In this episode you will learn why spatial computing is so exciting, and the difference between virtual reality, augmented reality, and mixed reality. You will hear it from the live voice of the first guy who put his hands on a HoloLens device in Belgium, Read more […]
Immersive Accessibility is a project aiming at exploring how accessibility services can be efficiently integrated with immersive media.
Although humanity as a whole is more aware than ever of the negative effects of climate change, we’re edging ever closer to the tipping point. The damage from irreversible climate change is expected to impact virtually every industry on Earth, including Read more […]
Peter Tindemans states that before unleashing technology sovereignty initiatives, the EU needs to define what the concept means.
Technology is advancing what medical health professionals are able to offer to patients in terms of treatment, tracking symptoms, and preventative care.
There are so many innovations waiting to serve scientists that it is quite incredible they have not been adopted sooner. In this insightful opinion piece, Simon Bungers, co-founder of labfolder, an electronic laboratory notebook for researchers, outlines his vision on how scientists’ lives will be transformed by wider adoption of solutions supported by artificial intelligence and the emergence of the likes of blockchain-based solutions to gain greater data reproducibility.
The “March for Science” is now entering in a new step. It is time to prepare the event This is obviously the most critical moment, when volunteers are called by the organising cores to join the team. Looking to all the events in preparation throughout Read more […]
As plans are underway to establish yet another instrument to support innovation in Europe, dubbed the European Innovation Council (EIC), entrepreneurs and research-based organisations have questioned the proposal. The determination that Research, Innovation and Science Commissioner Carlos Moedas has shown in developing the concept, begs for further questioning concerning the details of the implementation of the proposed EIC. In this article, EuroScientist investigates whether those closely involved in innovation believe EIC is a good idea.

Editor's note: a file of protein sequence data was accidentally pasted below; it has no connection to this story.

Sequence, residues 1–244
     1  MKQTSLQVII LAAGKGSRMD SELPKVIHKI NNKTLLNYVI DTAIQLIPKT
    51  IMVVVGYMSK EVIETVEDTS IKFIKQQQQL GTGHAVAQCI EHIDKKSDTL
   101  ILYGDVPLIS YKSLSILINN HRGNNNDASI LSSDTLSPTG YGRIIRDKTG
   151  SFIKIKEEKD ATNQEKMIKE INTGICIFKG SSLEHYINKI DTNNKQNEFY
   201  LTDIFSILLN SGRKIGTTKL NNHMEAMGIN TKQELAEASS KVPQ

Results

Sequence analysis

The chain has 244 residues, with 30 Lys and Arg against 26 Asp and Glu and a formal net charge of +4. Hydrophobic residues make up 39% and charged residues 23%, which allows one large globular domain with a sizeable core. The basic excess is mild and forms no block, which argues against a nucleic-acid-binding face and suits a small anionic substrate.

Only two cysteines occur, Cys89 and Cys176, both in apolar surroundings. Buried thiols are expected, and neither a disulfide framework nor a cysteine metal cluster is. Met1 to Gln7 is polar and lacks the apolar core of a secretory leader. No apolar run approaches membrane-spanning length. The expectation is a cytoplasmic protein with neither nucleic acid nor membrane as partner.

Although several European countries, starting with Denmark, have started a battle against trans-fats in process food, the European Commission is dragging its feet to regulate on the matter. As food-related matters are about to take centre stage during Christmas and other end-of-the-year celebrations, EuroScientist looks at what is happening behind the scenes. As more and more stakeholders in the food sector are gradually signing up to reducing the use of partially hydrogenated plant oils in their products, the delays in taking regulatory action appear to be attributable to more than mere bureaucratic inertia.
Surveillance and security technologies do not exist in a vacuum. This is why it matters to study societal impacts and compliance with fundamental rights and values of citizens. Find out the perspective of Johann Čas, an economist from the Institute of Technology Assessment, at the Austrian Academy of Sciences, in Vienna. In an opinion piece, he talks about the findings of one of his latest projects, SurPRISE, which consulted 2,000 European citizens on their views of different security technologies and surveillance measures. This lead to interesting finding on what is acceptable to them in terms of security versus privacy trade-off.
As waves of researchers’ protest are about to invade the streets of Paris, Rome and Madrid, among others, there is a clear sense of déjà vu in these white coats with large signs walking the avenues of European capitals. What is new, however, is that these protests on longer follow a logic of being centred around national territories. They have become supra-national and aim to target the central power in Brussels as much as national governments.
In the successful Italian comedy, Smetto quando voglio (I can quit whenever I want), a group of young and talented scholars with no career perspective turns into a successful drug-dealing mob. The story is imaginary—a surreal rendition of Breaking Bad—but it is also the portrait of Italian academia. There, the shortage of funds, baronies, and scant meritocracy hamper the careers of many endowed scientists. This fiction is not that far from reality. Now, as an attempt to change their working conditions, Italian researchers are planning a protest movement in October, to take a stand against budget cuts and political apathy. There is no doubt that such movement is justified, but there is also a need for academics to run their universities better.